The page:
derivative

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Related to differential coefficient: differential equation

de·riv·a·tive

(dĕ-riv'ă-tiv),
1. Relating to or producing derivation.
2. Something produced by modification of something preexisting.
3. Specifically, a chemical compound that may be produced from another compound of similar structure in one or more steps, as in replacement of H by an alkyl, acyl, or amino group.

derivative

/de·riv·a·tive/ (dĕ-riv´ah-tiv) a chemical substance produced from another substance either directly or by modification or partial substitution.

derivative

[dəriv′ətiv]
Etymology: L, derivare, to turn away
anything that originates in another substance or object. For example, organs and tissues are derivatives of the primordial germ cells. Chemical derivatives may be produced to confirm identification of a compound or to aid in the analysis of a compound.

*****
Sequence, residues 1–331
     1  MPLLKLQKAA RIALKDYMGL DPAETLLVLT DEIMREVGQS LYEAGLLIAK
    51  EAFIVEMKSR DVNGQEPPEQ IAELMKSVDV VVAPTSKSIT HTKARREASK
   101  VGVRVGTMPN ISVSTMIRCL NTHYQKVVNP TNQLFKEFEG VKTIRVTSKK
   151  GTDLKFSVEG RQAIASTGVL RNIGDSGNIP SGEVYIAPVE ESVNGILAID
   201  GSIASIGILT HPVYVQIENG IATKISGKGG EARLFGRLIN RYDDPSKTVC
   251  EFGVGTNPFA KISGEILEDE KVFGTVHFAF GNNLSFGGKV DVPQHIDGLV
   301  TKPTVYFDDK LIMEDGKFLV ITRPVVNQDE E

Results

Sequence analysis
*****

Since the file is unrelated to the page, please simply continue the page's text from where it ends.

de·riv·a·tive

(dĕ-riv'ă-tiv)
1. Relating to or producing derivation.
2. Something produced by modification of something preexisting.
3. Specifically, a chemical compound produced from another compound in one or more steps, as in replacement of H by an alkyl, acyl, or amino group.

derivative

the result of the calculation (usually with calculus) of the change of one variable with respect to another. Also alludes to the number of 'steps' of calculus required (e.g. acceleration is the second derivative of displacement with respect to time). See also differentiation.

de·riv·a·tive

(dĕ-riv'ă-tiv)
Chemical compound that may be produced from another compound of similar structure in one or more steps.

derivative (dēriv´ətiv),

n a chemical substance that is the result of a chemical reaction.
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